The Chantilly Codex

CodexChantillylarger

This post originally started with thoughts of summer and a search for manuscripts containing various poems or invocations for the season in an attempt to create a sort of montage. I found several focusing on songs, namely “Sumer Is Icumen In” from MS Harely 978, which got me on the path for searching out songs in general, when I came across the Chantilly Codex. I had previously read about it, but only in a cursory sense while looking for other things. Needless to say, my research for summer got derailed and I found myself looking over the Codex, and more importantly its significance.

The Chantilly Codex, Bibliotheque du chateau de Chantilly, MS 564, contains 99 chansons along with 13 Latin or French motets, many of which are examples of ars subtilior, a highly stylized musical form reliant upon complex rhythms and notations. While some consider this form as a branch of the ars nova directly preceding it, many others see it is as its own refined form.

The first thing that caught my attention is that the manuscript was not created all at one time, and not even over the lifetime of one person, but rather spanned several centuries with additions being made as late at the nineteenth century. Obviously this influences how the manuscript is regarded as it can no longer be seen as solely a product of the Middle Ages.

It is also worth noting that the first 12 folios of the manuscript are missing. I have little to say on this as I have been unable to find any explanation, but from what I have read it appears that the most likely scenario would suggest the folios were taken out before the book was bound since no damage to the book is reported. The implications here are many, but far more research needs to be conducted before any conclusions or even conjectures can be drawn.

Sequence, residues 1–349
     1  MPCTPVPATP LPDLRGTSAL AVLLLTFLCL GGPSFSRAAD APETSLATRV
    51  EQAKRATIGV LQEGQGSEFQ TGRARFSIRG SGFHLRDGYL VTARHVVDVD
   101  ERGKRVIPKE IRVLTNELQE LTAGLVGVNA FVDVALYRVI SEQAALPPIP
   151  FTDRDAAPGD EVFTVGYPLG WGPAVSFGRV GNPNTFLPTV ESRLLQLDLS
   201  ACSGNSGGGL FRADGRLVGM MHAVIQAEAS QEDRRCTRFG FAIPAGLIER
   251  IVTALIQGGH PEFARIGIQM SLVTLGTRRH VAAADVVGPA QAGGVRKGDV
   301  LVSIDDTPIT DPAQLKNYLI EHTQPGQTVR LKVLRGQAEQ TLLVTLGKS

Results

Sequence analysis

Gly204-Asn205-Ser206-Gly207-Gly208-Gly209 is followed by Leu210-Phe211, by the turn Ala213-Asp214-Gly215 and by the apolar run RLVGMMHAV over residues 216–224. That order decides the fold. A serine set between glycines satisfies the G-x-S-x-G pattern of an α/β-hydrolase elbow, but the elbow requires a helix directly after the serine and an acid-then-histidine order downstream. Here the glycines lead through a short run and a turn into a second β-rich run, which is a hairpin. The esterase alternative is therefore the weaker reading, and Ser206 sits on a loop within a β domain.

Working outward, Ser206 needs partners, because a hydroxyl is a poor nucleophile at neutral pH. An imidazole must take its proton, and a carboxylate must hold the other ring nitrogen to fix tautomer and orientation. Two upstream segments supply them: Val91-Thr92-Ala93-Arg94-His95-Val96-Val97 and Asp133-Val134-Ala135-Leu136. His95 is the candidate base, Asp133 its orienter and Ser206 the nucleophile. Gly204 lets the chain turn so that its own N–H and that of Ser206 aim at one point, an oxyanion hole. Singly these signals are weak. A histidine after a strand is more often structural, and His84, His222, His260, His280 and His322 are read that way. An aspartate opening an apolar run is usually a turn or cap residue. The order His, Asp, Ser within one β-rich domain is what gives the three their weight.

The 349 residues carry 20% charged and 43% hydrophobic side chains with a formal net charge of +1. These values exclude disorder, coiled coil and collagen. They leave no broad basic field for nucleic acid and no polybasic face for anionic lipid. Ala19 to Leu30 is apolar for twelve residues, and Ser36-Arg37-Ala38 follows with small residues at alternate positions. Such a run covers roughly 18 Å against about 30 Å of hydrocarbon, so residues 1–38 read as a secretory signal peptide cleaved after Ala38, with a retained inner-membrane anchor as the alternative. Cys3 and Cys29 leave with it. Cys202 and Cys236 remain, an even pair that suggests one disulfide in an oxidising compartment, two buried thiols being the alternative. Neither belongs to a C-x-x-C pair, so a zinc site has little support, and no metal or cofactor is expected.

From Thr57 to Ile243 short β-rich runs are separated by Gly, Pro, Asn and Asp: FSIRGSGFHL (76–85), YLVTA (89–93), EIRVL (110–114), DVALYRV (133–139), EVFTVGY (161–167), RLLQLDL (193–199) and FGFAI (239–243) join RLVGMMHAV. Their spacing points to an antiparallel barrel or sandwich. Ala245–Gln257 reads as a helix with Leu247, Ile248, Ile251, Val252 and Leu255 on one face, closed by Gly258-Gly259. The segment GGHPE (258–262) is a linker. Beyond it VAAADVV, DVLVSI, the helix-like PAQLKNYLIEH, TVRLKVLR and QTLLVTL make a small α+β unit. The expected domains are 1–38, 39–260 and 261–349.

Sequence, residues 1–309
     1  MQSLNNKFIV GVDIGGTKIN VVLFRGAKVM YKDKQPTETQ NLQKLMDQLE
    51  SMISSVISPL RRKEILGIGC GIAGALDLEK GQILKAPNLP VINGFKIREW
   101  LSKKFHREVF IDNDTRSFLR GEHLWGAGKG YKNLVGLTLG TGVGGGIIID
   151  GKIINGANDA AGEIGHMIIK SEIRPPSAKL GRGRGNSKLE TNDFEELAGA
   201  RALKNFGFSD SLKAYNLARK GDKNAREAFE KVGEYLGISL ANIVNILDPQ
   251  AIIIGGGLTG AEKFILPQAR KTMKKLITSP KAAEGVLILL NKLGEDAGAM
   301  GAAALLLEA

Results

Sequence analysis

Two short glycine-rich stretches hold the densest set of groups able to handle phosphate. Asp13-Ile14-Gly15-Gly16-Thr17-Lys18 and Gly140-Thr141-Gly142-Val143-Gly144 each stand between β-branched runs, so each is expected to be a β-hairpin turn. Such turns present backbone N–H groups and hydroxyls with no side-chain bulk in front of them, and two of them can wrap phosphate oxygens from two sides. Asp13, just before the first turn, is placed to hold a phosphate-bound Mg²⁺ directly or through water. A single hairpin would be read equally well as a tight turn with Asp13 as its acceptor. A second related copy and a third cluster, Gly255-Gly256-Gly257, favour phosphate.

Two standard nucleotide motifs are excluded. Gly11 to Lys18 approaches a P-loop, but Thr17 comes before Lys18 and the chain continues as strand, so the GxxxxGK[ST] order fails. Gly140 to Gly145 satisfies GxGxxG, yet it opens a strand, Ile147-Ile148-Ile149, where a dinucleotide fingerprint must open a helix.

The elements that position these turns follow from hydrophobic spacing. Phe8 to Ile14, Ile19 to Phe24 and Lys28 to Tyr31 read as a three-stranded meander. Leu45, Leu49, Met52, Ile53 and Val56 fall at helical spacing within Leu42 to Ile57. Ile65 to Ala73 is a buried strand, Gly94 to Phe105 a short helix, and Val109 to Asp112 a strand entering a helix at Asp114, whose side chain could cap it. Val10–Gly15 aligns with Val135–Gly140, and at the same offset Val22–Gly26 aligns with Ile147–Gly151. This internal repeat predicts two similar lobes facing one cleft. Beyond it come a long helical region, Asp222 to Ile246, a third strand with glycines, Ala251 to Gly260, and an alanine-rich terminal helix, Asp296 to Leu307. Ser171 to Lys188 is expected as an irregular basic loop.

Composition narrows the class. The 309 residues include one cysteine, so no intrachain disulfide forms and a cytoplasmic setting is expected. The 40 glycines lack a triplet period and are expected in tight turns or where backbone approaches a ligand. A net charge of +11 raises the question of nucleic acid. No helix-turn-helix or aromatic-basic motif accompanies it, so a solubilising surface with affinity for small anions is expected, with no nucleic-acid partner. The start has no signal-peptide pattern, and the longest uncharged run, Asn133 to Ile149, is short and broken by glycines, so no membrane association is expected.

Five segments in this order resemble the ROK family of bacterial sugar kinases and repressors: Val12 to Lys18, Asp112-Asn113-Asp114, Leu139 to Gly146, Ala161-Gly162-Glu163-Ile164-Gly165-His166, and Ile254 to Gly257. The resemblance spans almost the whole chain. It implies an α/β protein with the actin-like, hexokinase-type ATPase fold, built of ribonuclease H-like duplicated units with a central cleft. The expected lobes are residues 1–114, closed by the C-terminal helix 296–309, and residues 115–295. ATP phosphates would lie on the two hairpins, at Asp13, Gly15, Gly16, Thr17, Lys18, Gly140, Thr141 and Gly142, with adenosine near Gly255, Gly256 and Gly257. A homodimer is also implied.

Then the idea of authorship (a topic I am quite interested in) presented itself. Not only was the manuscript not completely written at any one point in time, but even when the majority of the manuscript was written it was not written in the traditional sense, but rather composed (pun intended?) by collecting materials from various writers. I am not sure of the exact methods of circulation, or even if the material was originally purposefully written. I have not found any articles stating whether the compiler sent word as to his intentions for his, for lack of a better term, anthology, or if he haphazardly came across various musical forms and decided to bring them together. The latter, however, seems unlikely in light of the techniques used throughout the chansons, pointing towards a more cohesive endeavor. Nevertheless, since the motif that started the manuscript can be traced all the way to the nineteenth century additions, the possibility cannot be dismissed that the original editor/scribe/compiler (without any evidence of there being a separation between these roles) didn’t collect as many pieces as necessary to find ones which he thought were the best fit. In other words, the pieces we have within the manuscript could have been a small portion of a much larger corpus that was sifted through to achieve the end product, and then the rest either discarded or lost.